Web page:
Against fertility forums
In an ideal world, all online forums would be a democratic place for sharing information and giving valuable emotional support to others. Unfortunately, this isn’t always the case, especially in a fertility forum.
It’s important to be cautious about taking medical advice from online forums, says Professor Geeta Nargund, lead consultant for reproductive medicine services at St George’s University Hospitals NHS Foundation Trust in south London.
“Patients posting information can be biased,” she explains. “Understandably, the emotional side can be more dominant than the factual medical care and information.
“Online forums do not take into account a specific individual’s medical history and concerns, and therefore the advice can be misleading. I worry that some patients will waste time, when their egg reserve may already be low, or follow wrong treatment options.
“It is essential that a qualified and trained fertility specialist is involved in decision-making and advice.”
The world of different fertility options that are discussed in an online forum can lead to a “self-imposed pressure” to try treatments, regardless of their evidential efficacy, says Katy Lindemann, founder of the Über Barrens Club.
“A lot of the time you are doing it because ‘Dr Google’ becomes ‘Dr Forum’, even if you actually think a particular treatment is complete rubbish,” says Ms Lindemann. “And if other people are successful, it feels like everyone else is riding off into the sunset and you are left kicking your heels in the dust.”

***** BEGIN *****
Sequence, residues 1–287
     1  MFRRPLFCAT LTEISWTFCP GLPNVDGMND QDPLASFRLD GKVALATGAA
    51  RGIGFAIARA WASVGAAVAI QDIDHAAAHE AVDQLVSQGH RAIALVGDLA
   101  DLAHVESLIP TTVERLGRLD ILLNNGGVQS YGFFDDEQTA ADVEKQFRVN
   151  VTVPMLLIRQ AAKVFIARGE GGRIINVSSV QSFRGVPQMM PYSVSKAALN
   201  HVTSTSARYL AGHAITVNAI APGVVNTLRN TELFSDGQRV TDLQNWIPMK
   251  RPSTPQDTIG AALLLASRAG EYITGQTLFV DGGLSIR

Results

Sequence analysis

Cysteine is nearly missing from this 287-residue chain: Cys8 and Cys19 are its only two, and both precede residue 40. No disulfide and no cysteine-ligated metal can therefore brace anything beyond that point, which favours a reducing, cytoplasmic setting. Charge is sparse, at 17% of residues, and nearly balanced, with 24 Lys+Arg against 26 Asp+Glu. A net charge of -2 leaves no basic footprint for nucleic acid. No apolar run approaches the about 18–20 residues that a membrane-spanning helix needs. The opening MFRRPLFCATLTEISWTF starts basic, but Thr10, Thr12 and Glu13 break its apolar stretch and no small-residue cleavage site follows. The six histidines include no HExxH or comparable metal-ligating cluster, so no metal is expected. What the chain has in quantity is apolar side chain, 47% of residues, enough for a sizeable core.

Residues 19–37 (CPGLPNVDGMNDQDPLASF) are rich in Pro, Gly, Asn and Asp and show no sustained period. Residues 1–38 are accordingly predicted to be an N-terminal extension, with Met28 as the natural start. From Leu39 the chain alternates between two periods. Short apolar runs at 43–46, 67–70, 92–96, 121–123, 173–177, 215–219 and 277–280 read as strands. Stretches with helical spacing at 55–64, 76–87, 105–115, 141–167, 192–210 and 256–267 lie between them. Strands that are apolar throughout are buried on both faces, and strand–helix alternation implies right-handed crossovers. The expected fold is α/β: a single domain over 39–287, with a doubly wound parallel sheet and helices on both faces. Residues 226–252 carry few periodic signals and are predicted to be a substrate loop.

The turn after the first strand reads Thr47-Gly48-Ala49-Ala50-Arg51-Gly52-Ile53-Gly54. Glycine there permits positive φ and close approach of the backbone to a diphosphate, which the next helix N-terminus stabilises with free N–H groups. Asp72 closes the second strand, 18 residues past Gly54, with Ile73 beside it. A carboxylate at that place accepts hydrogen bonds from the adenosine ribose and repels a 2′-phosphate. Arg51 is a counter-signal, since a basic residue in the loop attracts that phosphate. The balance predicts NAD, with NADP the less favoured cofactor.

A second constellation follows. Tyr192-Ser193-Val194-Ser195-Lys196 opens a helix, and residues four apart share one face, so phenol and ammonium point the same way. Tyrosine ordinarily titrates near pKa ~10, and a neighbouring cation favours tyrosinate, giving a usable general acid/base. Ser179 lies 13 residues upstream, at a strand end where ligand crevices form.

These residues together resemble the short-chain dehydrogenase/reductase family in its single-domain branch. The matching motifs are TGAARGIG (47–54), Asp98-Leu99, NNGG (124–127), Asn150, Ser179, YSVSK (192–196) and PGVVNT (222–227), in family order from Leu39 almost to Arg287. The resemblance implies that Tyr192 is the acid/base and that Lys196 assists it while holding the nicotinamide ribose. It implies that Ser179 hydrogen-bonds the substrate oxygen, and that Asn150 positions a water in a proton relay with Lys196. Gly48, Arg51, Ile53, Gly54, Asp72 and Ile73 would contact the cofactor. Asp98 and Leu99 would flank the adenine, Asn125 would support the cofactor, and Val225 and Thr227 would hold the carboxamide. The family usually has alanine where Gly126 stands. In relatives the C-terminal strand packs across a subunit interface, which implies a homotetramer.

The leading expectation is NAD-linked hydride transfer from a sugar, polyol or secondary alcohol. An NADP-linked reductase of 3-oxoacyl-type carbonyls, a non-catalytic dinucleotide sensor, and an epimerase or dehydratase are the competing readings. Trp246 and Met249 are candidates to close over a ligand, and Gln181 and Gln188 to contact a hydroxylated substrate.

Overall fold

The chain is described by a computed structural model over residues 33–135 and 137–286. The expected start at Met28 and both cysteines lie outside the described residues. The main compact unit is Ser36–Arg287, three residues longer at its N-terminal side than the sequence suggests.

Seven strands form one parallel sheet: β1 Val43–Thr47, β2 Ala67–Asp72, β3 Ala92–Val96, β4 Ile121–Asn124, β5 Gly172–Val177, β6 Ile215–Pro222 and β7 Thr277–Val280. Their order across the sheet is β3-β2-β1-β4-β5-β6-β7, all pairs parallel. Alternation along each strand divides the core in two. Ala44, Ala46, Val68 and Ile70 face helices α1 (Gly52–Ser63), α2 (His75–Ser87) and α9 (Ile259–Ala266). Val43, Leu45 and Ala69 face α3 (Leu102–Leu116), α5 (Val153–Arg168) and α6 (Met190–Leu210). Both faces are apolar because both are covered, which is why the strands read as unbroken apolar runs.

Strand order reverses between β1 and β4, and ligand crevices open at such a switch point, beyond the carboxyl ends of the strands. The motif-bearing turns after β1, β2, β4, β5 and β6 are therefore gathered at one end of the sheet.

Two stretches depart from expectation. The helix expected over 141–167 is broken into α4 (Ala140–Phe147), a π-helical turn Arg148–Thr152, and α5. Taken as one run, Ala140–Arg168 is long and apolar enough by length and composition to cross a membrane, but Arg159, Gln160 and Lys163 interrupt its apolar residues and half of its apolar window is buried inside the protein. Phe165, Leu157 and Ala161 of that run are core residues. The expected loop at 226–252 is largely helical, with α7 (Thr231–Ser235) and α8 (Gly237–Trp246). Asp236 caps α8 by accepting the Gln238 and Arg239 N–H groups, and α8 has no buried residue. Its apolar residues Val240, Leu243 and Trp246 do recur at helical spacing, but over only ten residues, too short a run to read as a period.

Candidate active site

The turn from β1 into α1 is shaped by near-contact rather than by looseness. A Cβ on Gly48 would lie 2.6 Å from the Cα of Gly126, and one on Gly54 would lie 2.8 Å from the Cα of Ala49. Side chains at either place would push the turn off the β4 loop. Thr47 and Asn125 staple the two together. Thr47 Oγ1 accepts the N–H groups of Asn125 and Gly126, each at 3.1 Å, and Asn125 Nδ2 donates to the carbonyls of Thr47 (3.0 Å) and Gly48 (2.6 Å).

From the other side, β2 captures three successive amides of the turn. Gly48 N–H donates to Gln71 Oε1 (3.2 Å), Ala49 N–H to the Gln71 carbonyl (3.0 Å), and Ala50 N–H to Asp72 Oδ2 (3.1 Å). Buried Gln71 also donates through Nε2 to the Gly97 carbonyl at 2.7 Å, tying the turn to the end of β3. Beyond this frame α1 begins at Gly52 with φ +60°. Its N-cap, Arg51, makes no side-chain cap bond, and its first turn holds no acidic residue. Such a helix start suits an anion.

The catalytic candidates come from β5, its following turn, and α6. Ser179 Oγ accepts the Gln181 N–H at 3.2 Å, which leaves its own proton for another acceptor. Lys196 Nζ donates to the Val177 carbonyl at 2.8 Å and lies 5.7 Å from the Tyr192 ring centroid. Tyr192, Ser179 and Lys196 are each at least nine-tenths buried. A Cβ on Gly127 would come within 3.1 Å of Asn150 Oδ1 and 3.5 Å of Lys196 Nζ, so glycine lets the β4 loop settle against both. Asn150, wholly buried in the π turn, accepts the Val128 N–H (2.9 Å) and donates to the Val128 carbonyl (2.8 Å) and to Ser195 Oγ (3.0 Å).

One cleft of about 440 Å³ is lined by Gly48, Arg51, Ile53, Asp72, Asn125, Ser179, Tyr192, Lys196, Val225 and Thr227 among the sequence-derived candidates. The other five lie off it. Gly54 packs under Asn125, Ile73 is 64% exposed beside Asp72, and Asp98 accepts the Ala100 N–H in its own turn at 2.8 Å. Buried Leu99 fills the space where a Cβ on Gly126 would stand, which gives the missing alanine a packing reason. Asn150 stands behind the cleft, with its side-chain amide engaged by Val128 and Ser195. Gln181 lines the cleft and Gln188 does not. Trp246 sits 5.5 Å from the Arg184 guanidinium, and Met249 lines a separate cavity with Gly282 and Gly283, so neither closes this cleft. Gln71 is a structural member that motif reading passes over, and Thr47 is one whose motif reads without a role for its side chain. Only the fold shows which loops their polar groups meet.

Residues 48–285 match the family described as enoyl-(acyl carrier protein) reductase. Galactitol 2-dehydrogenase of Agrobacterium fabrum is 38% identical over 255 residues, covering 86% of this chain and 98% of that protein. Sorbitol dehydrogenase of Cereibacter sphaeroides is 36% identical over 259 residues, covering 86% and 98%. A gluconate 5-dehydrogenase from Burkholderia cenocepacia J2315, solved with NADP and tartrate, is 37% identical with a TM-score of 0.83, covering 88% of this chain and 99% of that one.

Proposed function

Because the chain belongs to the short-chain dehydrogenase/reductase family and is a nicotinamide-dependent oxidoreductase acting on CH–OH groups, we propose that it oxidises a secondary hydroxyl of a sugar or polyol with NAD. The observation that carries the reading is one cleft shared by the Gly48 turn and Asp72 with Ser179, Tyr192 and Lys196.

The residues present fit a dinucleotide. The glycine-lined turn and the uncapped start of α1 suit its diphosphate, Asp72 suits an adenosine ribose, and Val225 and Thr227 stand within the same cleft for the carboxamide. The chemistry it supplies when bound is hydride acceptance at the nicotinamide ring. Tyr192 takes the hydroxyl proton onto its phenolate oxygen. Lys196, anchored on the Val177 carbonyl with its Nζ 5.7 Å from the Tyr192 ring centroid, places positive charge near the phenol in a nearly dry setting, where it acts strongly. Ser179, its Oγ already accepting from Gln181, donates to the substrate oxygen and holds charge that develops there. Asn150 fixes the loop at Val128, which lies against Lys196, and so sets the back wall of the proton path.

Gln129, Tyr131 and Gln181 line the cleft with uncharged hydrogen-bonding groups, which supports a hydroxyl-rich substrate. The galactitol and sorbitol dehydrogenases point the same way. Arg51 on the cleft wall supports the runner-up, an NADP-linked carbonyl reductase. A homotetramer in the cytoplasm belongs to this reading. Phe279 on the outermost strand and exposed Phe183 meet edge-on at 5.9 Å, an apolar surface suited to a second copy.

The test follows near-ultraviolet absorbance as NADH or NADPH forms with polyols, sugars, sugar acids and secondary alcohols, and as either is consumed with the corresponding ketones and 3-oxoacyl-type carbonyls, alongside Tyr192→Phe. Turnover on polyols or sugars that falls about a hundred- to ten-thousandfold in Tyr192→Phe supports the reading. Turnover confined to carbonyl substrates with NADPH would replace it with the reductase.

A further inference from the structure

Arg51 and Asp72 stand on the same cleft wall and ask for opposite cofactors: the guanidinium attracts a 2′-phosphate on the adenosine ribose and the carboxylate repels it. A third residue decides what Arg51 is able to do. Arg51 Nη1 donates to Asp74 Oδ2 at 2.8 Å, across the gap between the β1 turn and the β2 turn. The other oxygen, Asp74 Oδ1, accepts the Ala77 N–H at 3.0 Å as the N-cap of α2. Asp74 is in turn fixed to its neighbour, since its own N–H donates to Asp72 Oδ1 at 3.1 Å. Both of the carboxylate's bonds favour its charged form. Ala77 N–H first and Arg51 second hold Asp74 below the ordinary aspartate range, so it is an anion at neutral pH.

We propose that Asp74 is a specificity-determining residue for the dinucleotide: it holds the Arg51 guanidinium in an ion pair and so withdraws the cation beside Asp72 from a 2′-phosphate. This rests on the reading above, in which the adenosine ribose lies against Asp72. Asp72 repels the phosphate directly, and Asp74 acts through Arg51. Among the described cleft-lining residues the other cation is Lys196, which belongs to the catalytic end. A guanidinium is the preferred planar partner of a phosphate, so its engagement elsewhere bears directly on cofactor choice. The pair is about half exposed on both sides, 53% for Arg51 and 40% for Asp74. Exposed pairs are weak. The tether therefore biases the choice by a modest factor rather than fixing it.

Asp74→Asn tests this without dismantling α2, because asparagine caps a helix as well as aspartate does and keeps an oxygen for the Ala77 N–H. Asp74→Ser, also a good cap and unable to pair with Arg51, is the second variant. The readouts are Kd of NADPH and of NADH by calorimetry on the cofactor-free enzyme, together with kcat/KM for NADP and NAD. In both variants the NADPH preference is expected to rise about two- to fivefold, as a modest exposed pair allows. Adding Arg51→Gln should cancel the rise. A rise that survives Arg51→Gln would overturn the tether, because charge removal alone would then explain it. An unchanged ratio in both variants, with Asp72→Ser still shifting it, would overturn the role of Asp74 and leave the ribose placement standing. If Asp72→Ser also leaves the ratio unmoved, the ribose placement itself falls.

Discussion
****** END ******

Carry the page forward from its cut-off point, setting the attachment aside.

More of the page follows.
I worry that some patients will waste time, when their egg reserve may already be low, or follow wrong treatment options
Online forums often prey to abuse and misinformation
Meanwhile, Rachel Gurevich, fertility expert for Verywell Family, adds some users in an online forum unwittingly play the “Pain Olympics”.
“Those with primary infertility may be critical of those with secondary infertility, implying they shouldn’t be upset because ‘they already have kids’,” she says. “Those who have never miscarried may imply those who have miscarried ‘at least can get pregnant’. It can get really messy and painful.”
Ms Gurevich also warns against trusting reviews or endorsements of fertility clinics or businesses in online forums, as those giving glowing reviews may not necessarily be true patients.
“People also attempt to sell and buy fertility drugs in fertility forums,” she adds. “Not only is this illegal, but it is also dangerous. You never know how the medications were handled, if they had been refrigerated properly or were in an area that was too hot or cold. They could be expired or might be counterfeit medications, contaminated or tampered with.
“And this assumes the person ‘selling’ medications even has something to mail you. They may take your money and run.”
While most users of an online fertility forum are genuine, and the experiences are positive and supportive, it makes sense to be careful, says Ms Bold at the University of Worcester.
“There is some vulnerability to online abuse, so people need to be careful and vigilant as with all online platforms,” she concludes.